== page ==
And that’s when having many buoys helps. Or visual landmarks. Or you know, not being that triathlete.
And yes, I became that triathlete. I swam off course. The good news is that someone got in front of me, and re-directed me to the right buoy. The bad new is that I added 300 meters to 2000 meter swim. My wrong turn took my projected time from about ~40ish minutes to 47 minutes.
Those extra seven minutes lost would loom large over the rest of the race as each cut-off was very close.
A trope in every great horror movie is the local dude who sees folks about to do something and warns them of the dangers. Like Crazy Ralph in Friday the 13th who goes around saying
Doomed. You’re all doomed!
The day I registered, there was a local who saw us cyclists and said:
Beware the beast. The beast! The beast!
This beast is the single most talked about feature of this race. There are youtube videos, blogs, and reports that all speak of the beast. And yes the beast is a beast.
The climb is steep with a grade of 14% that reaches 21% with optional sections of 26%. And it’s 20 miles in and after a swim. And you have to conserve enough energy to finish the remaining 30 miles. And it rightfully is the single most scary bit of climbing in this race.
And I conquered the beast. While others walked up this monster, I pedaled my way up. The pace was faster than walking. The actual speed is protected under the patriot act for national security reasons.
Unfortunately, the beasties crushed me. What are the beasties?
In most bike rides you have a crushing hill and then a series of rollers. In St. Croix you have a crushing hill, and then a series of rollers that have grades that routinely go over 8%. Each of these steep climbs hurts. And they are so short that can not get into a rhythm. And each hill hurts.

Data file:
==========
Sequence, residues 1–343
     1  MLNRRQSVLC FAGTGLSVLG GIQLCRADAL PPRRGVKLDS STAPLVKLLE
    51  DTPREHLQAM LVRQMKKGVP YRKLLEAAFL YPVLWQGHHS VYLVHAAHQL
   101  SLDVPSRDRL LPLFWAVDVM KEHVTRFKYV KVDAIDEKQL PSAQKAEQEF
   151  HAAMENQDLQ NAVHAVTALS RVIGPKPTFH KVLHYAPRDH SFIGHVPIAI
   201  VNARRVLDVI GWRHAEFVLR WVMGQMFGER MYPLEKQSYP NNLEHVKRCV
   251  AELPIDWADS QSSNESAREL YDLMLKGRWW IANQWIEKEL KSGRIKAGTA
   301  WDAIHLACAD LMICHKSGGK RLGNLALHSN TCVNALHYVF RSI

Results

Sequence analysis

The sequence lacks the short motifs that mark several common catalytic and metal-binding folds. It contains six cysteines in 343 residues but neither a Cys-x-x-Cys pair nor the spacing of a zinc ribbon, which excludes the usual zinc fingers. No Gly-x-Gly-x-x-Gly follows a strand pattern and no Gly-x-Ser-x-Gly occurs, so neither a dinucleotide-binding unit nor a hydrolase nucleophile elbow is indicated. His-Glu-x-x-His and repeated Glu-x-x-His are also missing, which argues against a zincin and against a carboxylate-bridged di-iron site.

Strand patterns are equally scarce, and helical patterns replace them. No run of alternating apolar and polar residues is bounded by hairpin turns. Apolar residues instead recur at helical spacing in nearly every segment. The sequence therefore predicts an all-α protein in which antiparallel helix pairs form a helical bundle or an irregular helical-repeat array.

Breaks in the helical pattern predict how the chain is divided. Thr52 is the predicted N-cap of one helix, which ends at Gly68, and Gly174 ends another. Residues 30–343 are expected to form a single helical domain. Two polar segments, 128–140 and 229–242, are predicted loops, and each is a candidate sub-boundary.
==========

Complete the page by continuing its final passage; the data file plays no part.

And two hills before the end there were the two hills that almost ended the ride. The only thing that made it possible for me to finish was my wife and kid and our friends who cheered me on.
As I was going up Cramp Hill, I suddenly stopped. My legs were hurting so much that I couldn’t move them anymore. I had to roll to a complete stop.
And for a moment, I thought about quitting. And I remembered the Girlfriend, who told me that this might be the last St. Croix 70.3 and that I might never get a chance to do this again. And then I remembered my friends who were waiting to cheer me on.
And my son who had made this poster:
And so there was no way I was l letting them and myself down. And here I am rolling towards the last beastie of the day. I think if you look hard, you can see a smile.
Or maybe it’s a prayer: Why God? Why do we have to do this last climb?
The trade winds
If the beasties weren’t enough to make me hate my life, there were also the trade winds. These winds blow east to west. Unfortunately, I was going west to east.
Endless miles of road and beasties and headwind. Headwinds that you know are not going to stop. I mean, global warming may cause them to stop eventually, and that will not happen on this day.
What made this ride particularly cool, in spite of the trade winds and the beasties was that there was nobody there. For miles, I was the only cyclist. The roads were closed. And the ride was supported. And along the way, some folks stayed until the very end to cheer me on. The race leg of this 70.3 was the perfect solo bike ride.
And I would have been able to enjoy my ride along this quiet road with spectacular views if it wasn’t for the Garmin Fenix 3. My Garmin decided to die on the bike leg. In a very particular and peculiar way. The Garmin got stuck in a mode where it would beep when my heart rate went over 135 bpm or below 125. Because of the beasties and the descent and the trade winds, this meant that I had an accompaniment of